RBA to cut cash rate to 0.75% in October & to 0.50% in February: Bill Evans

RBA to cut cash rate to 0.75% in October & to 0.50% in February: Bill Evans
RBA to cut cash rate to 0.75% in October & to 0.50% in February: Bill Evans


We are bringing forward the timing of our forecast for the next cut in the overnight cash rate by the RBA from November to October.

By October, we expect that the path of the unemployment rate will be sufficiently contrary to the RBA’s plans that they will have appropriate justification to ease policy a little earlier than we had previously expected.

We recognise that September is also likely to be a “live” meeting but expect the Board will wait for more data, such as the June quarter national accounts, before moving again.

We are also revising down our terminal rate forecast from the 0.75% we forecast on May 24 to 0.50%. We expect the move from 0.75% to 0.50% to occur in February next year.

Developments since our last forecast change on May 24

Since we announced the 0.75% target terminal rate on May 24 a number of factors have strengthened the case for an even lower terminal rate.

The AUD is providing less support than expected. At the time of our May 24 forecast, markets had not priced in the prospect of a 0.75% terminal rate by year’s end.

We expected that as markets moved in that direction the AUD would adjust accordingly. Markets have indeed moved to price in that move but the AUD has actually appreciated from USD0.692 to USD 0.702, partly due to the higher terms of trade and the prospect of a lower US federal funds rate.

We expect that the near term boost to demand from the higher terms of trade will be limited by a cautious response from both the private and public sectors.

Since May 24 we have also moved to forecast an easing cycle from the Federal Reserve. Lower rates globally are largely the result of the concern from the Federal Reserve and other central banks around world growth and deteriorating global trade.

Some data releases since May 24 have also highlighted downside risks for demand, wages and the labour market. In particular we have been surprised by the response of consumer sentiment to the rate cuts in June/July, having fallen by nearly 5%. Furthermore, our measure of unemployment expectations has also deteriorated markedly.

Our forecasts of inflation and unemployment emphasise the extent of the challenge faced by the RBA in boosting demand and wages and reaching their own targets. We expect that the RBA will eventually see only one more rate cut, in October, as being an insufficient response.

RBA’s challenge around its forecasts

In its Statement on Monetary Policy (SMP), which will be released on August 9, the RBA is expected to lower its growth forecast for 2019 from 2.75% to 2.50% but retain its current forecast for growth in 2020 to be at trend 2.75%.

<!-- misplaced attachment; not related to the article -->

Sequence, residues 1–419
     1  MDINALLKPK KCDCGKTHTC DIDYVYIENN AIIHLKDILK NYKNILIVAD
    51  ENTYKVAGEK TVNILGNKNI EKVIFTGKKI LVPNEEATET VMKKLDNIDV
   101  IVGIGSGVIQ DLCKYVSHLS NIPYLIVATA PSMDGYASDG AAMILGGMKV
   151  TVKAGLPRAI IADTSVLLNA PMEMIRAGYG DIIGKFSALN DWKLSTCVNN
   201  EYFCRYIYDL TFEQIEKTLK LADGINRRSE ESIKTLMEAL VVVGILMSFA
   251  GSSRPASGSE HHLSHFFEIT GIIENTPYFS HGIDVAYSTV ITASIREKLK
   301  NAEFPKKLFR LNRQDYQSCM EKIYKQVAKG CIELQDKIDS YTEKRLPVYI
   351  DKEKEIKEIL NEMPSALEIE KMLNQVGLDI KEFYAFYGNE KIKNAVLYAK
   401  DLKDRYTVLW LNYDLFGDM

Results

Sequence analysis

On inflation we expect that following the print of the June quarter Consumer Price Index on July 31 the Bank will have to lower its forecast for underlying inflation (trimmed mean) from 1.75% in 2019 to 1.50% and from 2.00% to 1.75% in 2020.

In the August SMP, forecasts for December 2021 will be released and the RBA’s trimmed mean forecast is expected to lift to 2%. The RBA will be signalling an eventual return to the 2–3% target band although the journey will take a year longer.

The real difficulty will come with the unemployment rate where the actual for June has just printed 5.24% compared to the RBA’s forecast of 5.0% in May. In May the RBA was only able to forecast that the unemployment rate would hold steady at 5.0% in both the remainder of 2019 and 2020. That was essentially because it was only prepared to forecast trend growth in 2019 and 2020.
A fair rule of thumb is that the unemployment rate can only be credibly forecast to fall if growth is expected to be above trend.

Note that the forecasts in May assumed market pricing which at the time had discounted two 25 bp rate cuts by year’s end. Accordingly the August forecasts cannot be significantly lifted as a result of the rate cuts that have already occurred.

However, the cuts have come earlier than expected by the market at the time of the May forecasts and it is now discounting a further cut by year’s end. Those factors provide some further market support for the RBA’s August forecasts.

The unemployment forecast is going to challenge the RBA Governor given his stated desire to drive the unemployment rate down to 4.5%.

Westpac’s own forecast for the unemployment rate by end 2019 is 5.4%. A range of our leading indicators – the Westpac Jobs Index and the Westpac Index of Unemployment Expectations – signal a continuation of the current slowdown in employment growth over the remainder of 2019 and into 2020.